I remember the election of 1984 when Reagan absolutely routed Mondale. This year, I always wondered if Trump would win, but I woke up today fully expecting Clinton to route Trump today, that when the emotions settled down and when people went to cast their vote they’d vote for the “safe” choice of Clinton (like I did 😦 ). So I am stunned that as I type this Trump is probably going to be president of the USA. To me, people aren’t really voting for Trump – they are saying they want change. They are saying they are tired of making 8/hr and having to work Thanksgivings at Walmart while fleets of rich people get richer and richer and ship more and more jobs overseas, turn it over to automation or hire slave labor and fire 1000s of people without penalty while paying themselves millions. Today’s election was a cry for change, and the funny thing is that even if the stocks tank tomorrow it won’t hurt the 401Ks of the people who voted for Trump since none of them can afford 401Ks anyway. In most ways I am terrified today, and I am upset overall, and I am sick to my stomach that we elected a racist and sexist president, but in some small ways I am proud of America for making a statement. Trump is the wrong execution of the right idea. 😦 Unfortunately, Hitler was a wrong execution too… In the 18th century we had the Shay’s rebellion when the poor felt extorted by the rich – today the USA voted for Trump.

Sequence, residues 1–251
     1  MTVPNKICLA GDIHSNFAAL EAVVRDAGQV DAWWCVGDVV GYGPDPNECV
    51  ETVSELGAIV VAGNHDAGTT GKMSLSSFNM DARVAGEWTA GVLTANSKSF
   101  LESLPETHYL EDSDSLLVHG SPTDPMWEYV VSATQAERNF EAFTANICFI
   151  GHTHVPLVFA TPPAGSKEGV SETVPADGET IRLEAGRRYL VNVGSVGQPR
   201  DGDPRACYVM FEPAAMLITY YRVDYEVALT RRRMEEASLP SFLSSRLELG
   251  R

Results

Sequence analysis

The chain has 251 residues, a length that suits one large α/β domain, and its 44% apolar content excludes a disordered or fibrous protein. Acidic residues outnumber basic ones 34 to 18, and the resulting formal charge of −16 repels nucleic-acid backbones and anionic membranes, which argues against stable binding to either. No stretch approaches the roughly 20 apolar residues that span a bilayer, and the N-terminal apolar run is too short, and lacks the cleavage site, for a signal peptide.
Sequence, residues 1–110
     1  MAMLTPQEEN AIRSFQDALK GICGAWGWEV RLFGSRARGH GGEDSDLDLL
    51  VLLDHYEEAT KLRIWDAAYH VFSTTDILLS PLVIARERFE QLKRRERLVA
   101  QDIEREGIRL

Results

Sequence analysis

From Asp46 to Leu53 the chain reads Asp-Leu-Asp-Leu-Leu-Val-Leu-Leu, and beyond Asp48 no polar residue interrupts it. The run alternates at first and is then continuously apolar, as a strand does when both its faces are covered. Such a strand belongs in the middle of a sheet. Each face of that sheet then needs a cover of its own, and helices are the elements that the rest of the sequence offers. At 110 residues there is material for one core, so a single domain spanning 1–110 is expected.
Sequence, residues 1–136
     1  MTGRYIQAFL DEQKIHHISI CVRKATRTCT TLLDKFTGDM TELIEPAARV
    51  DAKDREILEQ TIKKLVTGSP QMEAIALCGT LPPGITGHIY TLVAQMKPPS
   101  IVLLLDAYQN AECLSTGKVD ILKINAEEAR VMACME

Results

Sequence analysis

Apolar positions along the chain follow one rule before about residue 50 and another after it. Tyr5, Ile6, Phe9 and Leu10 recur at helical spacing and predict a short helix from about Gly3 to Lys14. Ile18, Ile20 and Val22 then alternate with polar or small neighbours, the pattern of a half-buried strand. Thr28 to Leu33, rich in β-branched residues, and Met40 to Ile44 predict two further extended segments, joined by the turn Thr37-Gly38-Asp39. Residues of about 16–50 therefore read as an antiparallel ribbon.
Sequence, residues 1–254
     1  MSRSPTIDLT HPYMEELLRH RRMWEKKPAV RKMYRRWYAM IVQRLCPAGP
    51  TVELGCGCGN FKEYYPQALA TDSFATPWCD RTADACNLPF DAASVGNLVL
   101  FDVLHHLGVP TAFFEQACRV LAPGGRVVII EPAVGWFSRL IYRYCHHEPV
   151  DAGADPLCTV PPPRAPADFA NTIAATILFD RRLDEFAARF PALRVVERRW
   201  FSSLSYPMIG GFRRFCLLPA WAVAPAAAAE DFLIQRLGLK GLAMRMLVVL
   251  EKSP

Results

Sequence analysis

Wife M and I rarely — if ever — yell at each other. At times we might get sarcastic, express displeasure at something or even bicker, but we rarely actually yell (and 99% of the time we are lovey-dovey :)). So I’ve always wondered, how does someone start yelling in a relationship? In those relationships where a person is moody and raises their voice — how does it progress from the first date and the honeymoon period to actual yelling? I could never quite figure that out. But after a meeting with my boss last week, I think I know…